Or at least thats what a quick once over of a New York Times health article says.
Now, I must admit, I have a general displeasure of how most research is presented in the media. It's dumbed down, and often misconstrued to make flashy headlines and earth-shattering revelations about what we know to be true is wrong.
This article is a quick question and answer: How does swimming stack up against other land-based aerobic exercise?
The answer: Swimming is pretty good for you by reducing blood pressure, improving your cardiovascular health, and is low impact.
But then they throw in that people between age 53-57 tend to gain weight if they swim as opposed to other cardio vascular activities. Looking through the paper, what they actually state is this. "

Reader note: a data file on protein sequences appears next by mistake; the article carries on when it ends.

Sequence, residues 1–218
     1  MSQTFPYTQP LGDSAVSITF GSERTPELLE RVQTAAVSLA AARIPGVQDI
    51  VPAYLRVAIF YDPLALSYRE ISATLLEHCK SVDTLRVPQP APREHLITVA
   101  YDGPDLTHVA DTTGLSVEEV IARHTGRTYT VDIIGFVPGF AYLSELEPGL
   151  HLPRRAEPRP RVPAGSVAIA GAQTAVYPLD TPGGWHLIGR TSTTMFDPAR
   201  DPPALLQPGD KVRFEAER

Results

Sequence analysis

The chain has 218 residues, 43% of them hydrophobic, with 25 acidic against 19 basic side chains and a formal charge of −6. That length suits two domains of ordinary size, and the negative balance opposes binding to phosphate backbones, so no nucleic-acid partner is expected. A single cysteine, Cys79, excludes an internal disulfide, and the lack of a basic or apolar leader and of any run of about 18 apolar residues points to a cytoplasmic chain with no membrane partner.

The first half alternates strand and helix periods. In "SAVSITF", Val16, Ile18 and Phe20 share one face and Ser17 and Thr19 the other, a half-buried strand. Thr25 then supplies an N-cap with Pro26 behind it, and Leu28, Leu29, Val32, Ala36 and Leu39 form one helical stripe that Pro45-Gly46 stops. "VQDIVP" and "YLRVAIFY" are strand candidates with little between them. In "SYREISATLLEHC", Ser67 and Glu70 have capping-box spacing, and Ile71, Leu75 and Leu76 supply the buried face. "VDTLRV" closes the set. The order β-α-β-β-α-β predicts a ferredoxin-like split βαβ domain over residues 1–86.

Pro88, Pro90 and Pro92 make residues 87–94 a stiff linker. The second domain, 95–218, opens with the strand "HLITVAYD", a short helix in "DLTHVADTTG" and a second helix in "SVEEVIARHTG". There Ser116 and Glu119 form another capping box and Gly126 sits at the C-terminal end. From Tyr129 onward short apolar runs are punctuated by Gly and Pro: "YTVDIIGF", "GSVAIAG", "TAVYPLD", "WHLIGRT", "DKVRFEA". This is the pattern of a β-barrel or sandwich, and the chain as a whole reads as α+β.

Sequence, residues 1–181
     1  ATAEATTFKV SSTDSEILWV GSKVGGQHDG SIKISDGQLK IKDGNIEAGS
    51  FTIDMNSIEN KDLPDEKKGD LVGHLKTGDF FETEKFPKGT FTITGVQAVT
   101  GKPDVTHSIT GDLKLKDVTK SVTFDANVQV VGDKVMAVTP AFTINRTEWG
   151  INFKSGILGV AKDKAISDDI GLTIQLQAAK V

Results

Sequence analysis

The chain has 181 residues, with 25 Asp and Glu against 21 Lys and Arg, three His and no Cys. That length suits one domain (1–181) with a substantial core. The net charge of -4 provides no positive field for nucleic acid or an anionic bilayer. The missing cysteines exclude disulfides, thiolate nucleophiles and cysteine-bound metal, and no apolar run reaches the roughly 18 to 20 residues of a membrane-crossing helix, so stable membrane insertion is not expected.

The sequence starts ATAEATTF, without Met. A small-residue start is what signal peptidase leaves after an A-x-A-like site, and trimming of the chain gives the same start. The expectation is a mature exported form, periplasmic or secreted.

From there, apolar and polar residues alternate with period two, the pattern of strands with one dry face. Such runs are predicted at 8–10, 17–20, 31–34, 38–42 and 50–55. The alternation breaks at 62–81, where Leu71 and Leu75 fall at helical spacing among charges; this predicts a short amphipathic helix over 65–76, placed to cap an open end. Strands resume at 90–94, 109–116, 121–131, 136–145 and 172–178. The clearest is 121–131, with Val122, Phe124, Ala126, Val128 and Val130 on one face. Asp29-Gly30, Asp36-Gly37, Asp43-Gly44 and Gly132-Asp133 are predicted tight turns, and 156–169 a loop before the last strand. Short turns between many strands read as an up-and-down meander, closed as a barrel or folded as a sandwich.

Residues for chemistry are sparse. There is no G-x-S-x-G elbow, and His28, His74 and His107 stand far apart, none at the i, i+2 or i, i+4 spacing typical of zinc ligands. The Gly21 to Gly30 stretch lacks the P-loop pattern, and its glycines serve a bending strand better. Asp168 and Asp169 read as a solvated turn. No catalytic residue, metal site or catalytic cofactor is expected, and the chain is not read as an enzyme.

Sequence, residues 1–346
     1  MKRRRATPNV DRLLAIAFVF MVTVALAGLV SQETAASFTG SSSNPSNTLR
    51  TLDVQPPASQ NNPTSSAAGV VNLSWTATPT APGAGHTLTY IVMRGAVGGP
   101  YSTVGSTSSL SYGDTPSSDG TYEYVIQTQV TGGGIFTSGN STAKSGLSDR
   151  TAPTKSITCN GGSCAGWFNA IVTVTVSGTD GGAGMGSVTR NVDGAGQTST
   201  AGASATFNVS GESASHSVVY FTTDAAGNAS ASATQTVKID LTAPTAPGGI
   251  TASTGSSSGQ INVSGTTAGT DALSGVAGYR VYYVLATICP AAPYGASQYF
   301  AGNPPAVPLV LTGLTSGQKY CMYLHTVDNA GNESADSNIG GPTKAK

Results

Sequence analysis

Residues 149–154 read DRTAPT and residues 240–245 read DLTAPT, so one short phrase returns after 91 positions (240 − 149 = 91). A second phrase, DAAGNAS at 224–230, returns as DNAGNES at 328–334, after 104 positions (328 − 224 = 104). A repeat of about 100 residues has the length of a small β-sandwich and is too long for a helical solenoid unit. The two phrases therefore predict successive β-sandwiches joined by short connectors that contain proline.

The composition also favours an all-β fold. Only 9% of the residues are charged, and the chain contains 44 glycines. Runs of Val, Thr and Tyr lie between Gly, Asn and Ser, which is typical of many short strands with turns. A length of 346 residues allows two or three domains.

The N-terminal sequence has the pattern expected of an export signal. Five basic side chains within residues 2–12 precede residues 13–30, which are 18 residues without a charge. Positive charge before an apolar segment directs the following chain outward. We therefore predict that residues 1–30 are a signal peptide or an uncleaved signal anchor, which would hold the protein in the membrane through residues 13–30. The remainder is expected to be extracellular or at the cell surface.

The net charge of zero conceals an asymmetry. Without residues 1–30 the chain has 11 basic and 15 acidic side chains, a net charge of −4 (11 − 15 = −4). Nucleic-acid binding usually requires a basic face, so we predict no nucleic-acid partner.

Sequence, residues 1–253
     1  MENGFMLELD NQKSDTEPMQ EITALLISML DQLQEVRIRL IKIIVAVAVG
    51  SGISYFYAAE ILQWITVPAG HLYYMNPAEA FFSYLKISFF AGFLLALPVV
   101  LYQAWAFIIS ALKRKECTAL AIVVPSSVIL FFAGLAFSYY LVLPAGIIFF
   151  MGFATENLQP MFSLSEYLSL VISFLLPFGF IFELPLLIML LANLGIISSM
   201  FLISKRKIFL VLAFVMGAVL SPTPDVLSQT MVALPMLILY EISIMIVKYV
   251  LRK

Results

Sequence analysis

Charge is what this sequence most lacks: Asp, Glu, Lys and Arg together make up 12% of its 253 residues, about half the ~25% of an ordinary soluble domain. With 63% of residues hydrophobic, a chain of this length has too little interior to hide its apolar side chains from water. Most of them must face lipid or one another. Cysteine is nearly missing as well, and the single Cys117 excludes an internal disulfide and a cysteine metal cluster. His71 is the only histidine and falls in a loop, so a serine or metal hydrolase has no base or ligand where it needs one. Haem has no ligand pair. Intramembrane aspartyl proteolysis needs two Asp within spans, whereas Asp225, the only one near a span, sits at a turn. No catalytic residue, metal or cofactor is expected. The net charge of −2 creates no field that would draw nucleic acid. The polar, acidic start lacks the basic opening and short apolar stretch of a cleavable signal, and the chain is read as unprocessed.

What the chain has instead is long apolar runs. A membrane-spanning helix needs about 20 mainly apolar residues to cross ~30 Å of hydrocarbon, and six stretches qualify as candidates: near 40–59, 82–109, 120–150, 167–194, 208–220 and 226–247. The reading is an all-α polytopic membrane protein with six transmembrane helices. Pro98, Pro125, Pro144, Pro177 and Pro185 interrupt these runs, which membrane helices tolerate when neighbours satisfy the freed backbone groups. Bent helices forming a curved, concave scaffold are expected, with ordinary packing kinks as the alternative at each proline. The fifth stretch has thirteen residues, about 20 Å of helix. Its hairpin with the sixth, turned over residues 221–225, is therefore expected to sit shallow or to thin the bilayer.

Swimming, slow cycling, and weight lifting were not statistically significantly associated with weight change in any groups.
The findings of that paper really suggest that people following a more intense cardiovascular routine like fast cycling, regular long walks, and running show better weight management, then those with who lift weights and swim. To point to that research as a strike against swimming seems kind of arbitrary. I don't find the value in including that information at all. All we need is someone to not understand and swear off swimming to avoid getting fat, despite the many health benefits to getting active!
I'm probably just being silly, but that kind of reporting annoys me, probably more than it should.